My family and friends couldn't understand why I suddenly had to pick up and leave home in the middle of my degree. They seemed dubious when I explained that I had found out about some good opportunities in North Carolina, but I had to ignore their enquiries and go ahead with the move.

On the odd chance anyone at UNC had seen my column, which once a week featured a small black and white photo of me, I felt it necessary to change my appearance. Before long my normally blonde, curly locks were replaced with straight, jet black ones. (The dye I used would later cause all of my hair to fall out.)

I also became "Sean McGuinness" (yes, I picked the name) for the benefit of those I would soon know.

My first “assignment” was pretty straightforward: Join and infiltrate the College Republicans, the first step for many a budding young GOP hopeful. I was familiar with the organization, as they had been active at my previous school. I’d even written about them in my column.

Soros explained that there were thousands of Democratic operatives out there, and that each had started with a simple, menial assignment. I admired the forethought and discipline that went into the massive operative plan, which had people infiltrating the Republican Party at all levels. I also thought it was a little bit crazy, but I went ahead with my assignment nonetheless.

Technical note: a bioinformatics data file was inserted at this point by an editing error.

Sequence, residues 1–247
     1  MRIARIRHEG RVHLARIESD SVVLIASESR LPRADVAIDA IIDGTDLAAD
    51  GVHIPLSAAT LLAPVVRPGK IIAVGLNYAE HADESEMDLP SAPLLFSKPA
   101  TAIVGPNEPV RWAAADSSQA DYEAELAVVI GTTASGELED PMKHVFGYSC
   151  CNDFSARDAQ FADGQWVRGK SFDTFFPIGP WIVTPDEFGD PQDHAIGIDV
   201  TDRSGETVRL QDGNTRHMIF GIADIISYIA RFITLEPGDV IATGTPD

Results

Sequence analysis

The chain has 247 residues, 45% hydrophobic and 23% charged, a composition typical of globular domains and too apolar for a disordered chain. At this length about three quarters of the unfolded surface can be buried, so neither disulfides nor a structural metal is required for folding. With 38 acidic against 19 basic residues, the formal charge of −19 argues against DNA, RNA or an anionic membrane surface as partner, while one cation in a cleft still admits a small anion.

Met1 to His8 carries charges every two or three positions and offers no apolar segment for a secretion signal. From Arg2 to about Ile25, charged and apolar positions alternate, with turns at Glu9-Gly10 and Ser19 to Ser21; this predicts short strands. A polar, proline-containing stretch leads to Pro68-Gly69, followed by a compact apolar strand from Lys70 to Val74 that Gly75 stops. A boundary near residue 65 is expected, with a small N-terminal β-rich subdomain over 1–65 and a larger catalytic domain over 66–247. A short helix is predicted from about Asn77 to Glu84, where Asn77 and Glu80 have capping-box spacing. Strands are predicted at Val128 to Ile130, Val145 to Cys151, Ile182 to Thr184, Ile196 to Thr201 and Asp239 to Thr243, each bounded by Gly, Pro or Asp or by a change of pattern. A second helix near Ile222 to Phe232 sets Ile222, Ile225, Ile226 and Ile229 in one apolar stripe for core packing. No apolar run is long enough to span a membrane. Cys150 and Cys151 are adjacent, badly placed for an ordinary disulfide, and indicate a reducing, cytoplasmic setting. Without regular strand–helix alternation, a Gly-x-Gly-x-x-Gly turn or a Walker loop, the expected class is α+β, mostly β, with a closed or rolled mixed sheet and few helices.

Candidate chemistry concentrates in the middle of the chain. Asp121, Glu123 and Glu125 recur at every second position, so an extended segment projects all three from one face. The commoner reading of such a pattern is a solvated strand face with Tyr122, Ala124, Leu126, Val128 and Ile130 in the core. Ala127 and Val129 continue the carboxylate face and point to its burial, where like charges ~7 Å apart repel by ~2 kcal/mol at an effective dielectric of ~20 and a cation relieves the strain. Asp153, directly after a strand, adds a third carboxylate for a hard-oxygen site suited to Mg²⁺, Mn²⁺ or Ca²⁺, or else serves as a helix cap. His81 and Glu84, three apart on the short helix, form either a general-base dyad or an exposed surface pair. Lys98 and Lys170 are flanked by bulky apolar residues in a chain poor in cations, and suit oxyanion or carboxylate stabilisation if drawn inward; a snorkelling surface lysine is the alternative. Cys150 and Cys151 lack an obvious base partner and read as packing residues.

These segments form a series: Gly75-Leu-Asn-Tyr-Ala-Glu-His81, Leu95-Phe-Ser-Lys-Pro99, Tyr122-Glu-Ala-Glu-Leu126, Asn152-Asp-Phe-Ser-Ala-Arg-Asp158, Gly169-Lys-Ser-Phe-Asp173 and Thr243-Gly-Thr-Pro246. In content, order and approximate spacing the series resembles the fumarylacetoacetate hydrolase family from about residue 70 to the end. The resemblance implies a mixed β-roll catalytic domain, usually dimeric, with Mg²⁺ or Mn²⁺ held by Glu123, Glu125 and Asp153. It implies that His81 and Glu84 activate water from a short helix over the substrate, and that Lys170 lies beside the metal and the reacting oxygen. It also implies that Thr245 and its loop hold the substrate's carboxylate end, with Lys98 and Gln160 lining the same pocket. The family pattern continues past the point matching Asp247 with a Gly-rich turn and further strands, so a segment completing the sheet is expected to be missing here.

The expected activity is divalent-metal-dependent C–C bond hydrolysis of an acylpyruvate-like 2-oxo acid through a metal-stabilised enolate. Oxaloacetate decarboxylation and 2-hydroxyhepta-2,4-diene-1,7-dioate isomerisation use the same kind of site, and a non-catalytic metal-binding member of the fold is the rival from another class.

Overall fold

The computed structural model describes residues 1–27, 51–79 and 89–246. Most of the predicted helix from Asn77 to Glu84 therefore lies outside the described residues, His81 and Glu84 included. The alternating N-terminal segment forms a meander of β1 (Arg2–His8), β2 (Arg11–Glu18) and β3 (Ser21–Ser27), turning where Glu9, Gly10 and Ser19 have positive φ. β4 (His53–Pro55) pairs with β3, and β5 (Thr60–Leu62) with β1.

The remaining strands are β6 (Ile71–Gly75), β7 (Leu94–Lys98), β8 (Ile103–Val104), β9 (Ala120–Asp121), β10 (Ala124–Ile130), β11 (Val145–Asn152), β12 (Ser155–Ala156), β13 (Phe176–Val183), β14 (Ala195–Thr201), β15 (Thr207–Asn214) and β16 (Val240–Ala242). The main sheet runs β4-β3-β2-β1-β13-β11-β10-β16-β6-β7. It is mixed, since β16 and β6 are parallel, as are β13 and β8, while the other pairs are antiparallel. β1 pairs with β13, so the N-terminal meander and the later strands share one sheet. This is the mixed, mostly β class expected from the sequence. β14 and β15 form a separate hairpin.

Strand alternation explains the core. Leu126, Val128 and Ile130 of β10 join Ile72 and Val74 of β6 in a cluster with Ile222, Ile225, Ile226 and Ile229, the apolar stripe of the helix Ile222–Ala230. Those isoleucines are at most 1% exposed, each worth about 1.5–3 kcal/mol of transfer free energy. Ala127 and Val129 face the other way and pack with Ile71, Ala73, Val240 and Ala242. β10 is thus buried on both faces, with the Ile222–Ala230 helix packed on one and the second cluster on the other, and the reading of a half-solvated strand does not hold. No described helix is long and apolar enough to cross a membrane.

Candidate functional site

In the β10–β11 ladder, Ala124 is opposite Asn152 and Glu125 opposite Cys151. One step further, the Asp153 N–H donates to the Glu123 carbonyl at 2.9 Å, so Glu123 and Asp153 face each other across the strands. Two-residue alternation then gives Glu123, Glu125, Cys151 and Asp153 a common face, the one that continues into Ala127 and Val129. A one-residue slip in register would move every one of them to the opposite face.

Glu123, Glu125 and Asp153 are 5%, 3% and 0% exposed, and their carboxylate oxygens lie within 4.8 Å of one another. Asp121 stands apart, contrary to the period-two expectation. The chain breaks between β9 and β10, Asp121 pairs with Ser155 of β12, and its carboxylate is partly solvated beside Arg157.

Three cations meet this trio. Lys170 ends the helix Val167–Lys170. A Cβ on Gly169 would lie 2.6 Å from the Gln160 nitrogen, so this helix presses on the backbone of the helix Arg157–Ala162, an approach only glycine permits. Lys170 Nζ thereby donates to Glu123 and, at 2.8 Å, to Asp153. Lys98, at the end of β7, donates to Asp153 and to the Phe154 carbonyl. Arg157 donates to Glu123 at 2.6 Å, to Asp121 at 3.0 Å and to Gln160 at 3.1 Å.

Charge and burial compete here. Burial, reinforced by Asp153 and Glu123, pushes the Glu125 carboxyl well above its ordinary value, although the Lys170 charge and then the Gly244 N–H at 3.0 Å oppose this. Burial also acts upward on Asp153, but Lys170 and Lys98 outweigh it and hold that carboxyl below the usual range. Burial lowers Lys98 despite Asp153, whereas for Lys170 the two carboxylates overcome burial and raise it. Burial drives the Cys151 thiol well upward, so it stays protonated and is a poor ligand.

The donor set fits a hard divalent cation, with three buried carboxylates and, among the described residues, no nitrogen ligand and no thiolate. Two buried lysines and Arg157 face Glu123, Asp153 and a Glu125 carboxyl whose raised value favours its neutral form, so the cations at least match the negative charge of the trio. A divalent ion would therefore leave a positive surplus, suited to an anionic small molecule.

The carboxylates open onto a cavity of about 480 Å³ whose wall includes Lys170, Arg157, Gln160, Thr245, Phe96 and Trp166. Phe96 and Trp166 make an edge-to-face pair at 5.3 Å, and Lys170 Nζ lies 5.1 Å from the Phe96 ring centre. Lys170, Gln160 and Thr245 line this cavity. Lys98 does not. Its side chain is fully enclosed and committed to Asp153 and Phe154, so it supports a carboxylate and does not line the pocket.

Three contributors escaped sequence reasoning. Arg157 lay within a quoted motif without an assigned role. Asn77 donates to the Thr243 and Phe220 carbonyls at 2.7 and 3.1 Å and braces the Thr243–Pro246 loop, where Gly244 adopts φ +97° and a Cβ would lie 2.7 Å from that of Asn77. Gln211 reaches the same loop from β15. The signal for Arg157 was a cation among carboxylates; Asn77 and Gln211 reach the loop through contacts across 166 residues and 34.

So, for the first time in my life, I bought a jacket and a tie. I started attending College Republican meetings and rallies, where I vocally railed against the “tax and spend Democrats” and the “liberal media” right alongside them. Living that lie sometimes made me physically ill, but I did it. It was all part of a greater plan.

What was not part of the plan was meeting “Emily.”